As our soldiers have suffered during the Summer months, continuously and without complaining, heat, terrific Summer down-pours, subsequent dust or mud in their superhuman effort on the march to victory, so do German soldiers now stand on the wintry defense positions in snow, ice, rain, sleet, frost and cold, as a safeguard of the homeland.
Against heat, the front could hardly protect itself; against cold, only the entire homeland can help our front. Who at home would dare to withdraw his help from this service of unity?
The front needs the following badly, and above all: overshoes, if possible lined ones, or fur-lined ones; warm woolen clothing, socks, stockings, heavy underwear, vests, or pullovers; warm, especially woolen, underclothing, undershirts, chest and lung protectors; any kind of headgear protection, ear muffs, wristlets, ear protectors, woolen helmets; furs in all senses of the word, fur jackets and fur waistcoats, fur boots of every kind, and every size; blankets, especially fur covers, thick warm gloves, again especially fur-lined leather ones, or knitted gloves, and wool mittens; altogether everything of wool is needed urgently on the front and will be doubly welcome.
Desired further are quilted or lined undervests, woolen shawls, neckerchiefs and scarfs; altogether everything that serves to keep up the battle against the Winter cold, which has arrived so early this year.
The party, with all its auxiliary and allied organizations, has been instructed to be at disposal for collections of these items needed so badly right now at the front.
The collection starts on Dec. 27 and ends on the eve of Jan. 4, 1942. Party members will make the collection from house to house, or from apartment to apartment. Dear Volksgenossen [people's comrades] make it easier for those collectors while they are at their work.
The collectors will immediately bring the given objects to central points and the army has provided facilities that will bring them in the shortest possible time to the most distant point in the front. They must be put to use by our soldiers as soon as possible and with the utmost speed. Germany has only seen little of the war in spite of air-raid attacks. Nevertheless, this is a war which will decide the existence, or non-existence, of the German nation. Our soldiers at the front have taken from us for the most part the burdens of this war by their actions.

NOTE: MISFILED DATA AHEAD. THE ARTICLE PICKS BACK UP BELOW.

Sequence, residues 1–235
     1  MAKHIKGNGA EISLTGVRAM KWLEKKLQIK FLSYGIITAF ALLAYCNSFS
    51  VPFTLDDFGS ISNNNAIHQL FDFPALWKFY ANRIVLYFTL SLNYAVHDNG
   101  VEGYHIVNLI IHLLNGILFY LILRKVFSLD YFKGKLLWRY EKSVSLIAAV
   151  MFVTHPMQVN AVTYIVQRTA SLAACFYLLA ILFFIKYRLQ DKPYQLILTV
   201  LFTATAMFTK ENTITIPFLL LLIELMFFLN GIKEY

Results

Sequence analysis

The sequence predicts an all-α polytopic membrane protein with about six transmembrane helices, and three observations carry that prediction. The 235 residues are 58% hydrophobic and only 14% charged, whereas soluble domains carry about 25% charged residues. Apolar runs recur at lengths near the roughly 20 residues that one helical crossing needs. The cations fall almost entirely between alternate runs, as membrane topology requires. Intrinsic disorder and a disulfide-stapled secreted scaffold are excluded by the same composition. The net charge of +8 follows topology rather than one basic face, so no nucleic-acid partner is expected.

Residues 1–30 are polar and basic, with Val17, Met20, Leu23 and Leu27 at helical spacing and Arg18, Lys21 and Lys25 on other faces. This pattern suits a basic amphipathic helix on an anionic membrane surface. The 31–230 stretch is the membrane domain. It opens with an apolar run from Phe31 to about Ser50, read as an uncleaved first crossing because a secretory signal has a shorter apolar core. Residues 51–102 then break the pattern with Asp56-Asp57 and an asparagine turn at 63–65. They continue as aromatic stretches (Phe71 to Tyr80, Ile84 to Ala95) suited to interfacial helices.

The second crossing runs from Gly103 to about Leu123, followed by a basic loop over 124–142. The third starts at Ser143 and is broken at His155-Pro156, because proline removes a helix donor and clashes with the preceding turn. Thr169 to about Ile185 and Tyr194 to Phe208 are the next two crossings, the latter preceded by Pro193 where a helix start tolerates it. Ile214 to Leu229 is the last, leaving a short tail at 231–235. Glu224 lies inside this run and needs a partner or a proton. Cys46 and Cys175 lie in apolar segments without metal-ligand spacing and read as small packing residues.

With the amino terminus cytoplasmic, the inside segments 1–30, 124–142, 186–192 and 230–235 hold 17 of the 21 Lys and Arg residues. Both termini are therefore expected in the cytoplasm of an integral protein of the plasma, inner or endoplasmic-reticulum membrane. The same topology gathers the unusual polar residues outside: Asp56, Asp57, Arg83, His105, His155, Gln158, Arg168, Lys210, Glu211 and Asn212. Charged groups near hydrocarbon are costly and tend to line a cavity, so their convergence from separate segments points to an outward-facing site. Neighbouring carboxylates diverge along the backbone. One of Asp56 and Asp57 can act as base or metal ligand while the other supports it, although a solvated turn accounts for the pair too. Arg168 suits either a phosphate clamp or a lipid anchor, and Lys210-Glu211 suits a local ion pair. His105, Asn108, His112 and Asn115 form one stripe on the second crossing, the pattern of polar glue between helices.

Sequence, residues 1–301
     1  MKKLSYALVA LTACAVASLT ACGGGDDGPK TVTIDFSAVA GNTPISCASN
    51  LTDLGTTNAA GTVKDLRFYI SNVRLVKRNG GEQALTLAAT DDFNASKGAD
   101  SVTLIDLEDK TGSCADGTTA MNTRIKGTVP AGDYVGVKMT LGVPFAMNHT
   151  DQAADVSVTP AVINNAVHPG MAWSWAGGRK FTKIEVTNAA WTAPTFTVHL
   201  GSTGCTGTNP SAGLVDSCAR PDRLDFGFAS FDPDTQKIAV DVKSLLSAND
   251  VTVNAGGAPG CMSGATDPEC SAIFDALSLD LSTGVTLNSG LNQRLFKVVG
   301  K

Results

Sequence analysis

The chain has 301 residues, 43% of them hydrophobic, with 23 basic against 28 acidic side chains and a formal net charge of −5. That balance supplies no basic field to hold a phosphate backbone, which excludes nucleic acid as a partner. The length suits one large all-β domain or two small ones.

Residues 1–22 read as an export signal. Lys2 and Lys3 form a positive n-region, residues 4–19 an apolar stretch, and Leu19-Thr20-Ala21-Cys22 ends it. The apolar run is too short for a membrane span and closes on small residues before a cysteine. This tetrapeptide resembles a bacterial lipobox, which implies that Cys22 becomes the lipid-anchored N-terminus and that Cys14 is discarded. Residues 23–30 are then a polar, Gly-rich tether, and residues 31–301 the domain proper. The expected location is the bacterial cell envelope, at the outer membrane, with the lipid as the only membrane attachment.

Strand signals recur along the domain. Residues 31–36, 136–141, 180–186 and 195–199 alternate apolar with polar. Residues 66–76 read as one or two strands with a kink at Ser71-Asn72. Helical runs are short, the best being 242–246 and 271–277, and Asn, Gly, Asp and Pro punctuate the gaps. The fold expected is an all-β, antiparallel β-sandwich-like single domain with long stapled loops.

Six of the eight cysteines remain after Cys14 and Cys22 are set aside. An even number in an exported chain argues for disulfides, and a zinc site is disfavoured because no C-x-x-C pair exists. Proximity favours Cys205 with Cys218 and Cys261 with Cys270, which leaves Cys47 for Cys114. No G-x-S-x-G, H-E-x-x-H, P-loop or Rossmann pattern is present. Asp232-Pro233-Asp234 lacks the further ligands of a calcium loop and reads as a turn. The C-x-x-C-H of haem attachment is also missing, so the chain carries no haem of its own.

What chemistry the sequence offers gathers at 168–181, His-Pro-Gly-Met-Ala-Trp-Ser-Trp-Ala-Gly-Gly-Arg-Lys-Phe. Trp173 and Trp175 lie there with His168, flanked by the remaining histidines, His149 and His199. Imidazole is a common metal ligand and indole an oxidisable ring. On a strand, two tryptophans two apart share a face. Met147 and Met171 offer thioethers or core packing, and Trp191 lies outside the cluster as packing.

I believe that now, during the third wartime Christmas, the homeland will have the urgent wish to show to the front its gratitude in a more visible form than in mere words. This festival, which is known in the entire world as the most German one, is now approaching. For the first time in this war our soldiers are deprived of a return to the homeland, deprived even of an extended furlough. Now it is time that the homeland proves its closeness to the front in true National Socialist people's unity. We must now thank our soldiers. I would therefore like to call this collection the Christmas present from the German nation to the Eastern Front.
Some time ago I spoke for a phonograph record collection for the front. That collection has exceeded the most optimistic hopes. The German people in the homeland have again acted in an exemplary manner. Therefore I am convinced this time that everything will be given, not only what can be spared, but also what is badly needed right here. Our soldiers have more right to such clothing than we have.
The Führer himself has commissioned me [Goebbels] to proclaim the following:
Sources: New York Times, (December 20, 1941), ibiblio